Paper Monitor: Remembering journalism's legal guru

Walter Greenwood

Paper Monitor commemorates Walter Greenwood, co-editor of journalists' legal handbook McNae's, who has died at the age of 87.

Several generations of journalists have Walter Greenwood largely to thank for their detailed understanding of the intricacies of libel law and court reporting restrictions.

For it was among the pages of McNae's Essential Law for Journalists, which Greenwood co-edited with Tom Welsh for more than 30 years, that they were introduced to phrases such as "malicious falsehood" and "right-thinking members of society".

McNae's has long been the bible of journalism courses across the country. And while the nitty gritty of of the world of media law might not be everyone's cup of tea, Greenwood and Welsh managed to liven it up with case studies.

Thanks to McNae's, many journalists can cite by heart exactly what details they are allowed to report when a defendant first appears in court.

Greenwood began his career as a reporter with the Dewsbury Reporter series, later joining the Middlesbrough Evening Gazette as deputy news editor. In the 1960s he moved into journalism training, helping found the Thomson Regional Newspaper Training Centres in Newcastle and Cardiff.

He also worked with the National Council for the Training of Journalists for four decades.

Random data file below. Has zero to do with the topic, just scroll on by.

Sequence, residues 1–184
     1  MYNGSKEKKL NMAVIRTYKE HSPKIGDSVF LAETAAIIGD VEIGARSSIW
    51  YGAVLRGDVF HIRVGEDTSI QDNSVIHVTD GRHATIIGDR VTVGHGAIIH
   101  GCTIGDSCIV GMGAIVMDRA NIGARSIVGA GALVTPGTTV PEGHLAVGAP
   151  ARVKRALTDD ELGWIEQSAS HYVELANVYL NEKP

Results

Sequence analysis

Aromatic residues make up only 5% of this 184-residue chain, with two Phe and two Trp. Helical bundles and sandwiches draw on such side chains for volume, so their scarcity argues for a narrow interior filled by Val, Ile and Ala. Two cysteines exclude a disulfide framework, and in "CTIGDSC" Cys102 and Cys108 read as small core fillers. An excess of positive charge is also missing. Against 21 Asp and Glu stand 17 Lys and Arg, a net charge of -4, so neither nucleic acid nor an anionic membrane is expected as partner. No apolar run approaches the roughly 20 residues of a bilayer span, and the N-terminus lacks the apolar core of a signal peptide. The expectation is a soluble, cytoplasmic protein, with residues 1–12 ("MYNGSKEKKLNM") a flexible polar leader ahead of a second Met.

Although not trained as a lawyer, Greenwood ensured that he knew as much, if not more, about media law than the lawyers.

According to Tony Johnston, head of training at the Press Association, which took over the Thomson training centre, Greenwood's interest in the law and in the work of training journalists never dimmed.

"As co-editor of Essential Law for Journalists he cared passionately about ensuring that journalists could stay within the law but still get their stories published," says Johnston.

Journalists and editors in need of advice found it easy to get him on the end of the phone. He would guide them through the legal dangers threatening to sink their stories.

Johnston recalls that when Greenwood was asked to recite a sentence of more than 30 words while being assessed following his recent stroke, Walter told a fellow law tutor, "And so I gave them the briefest of introductions to the law of defamation."

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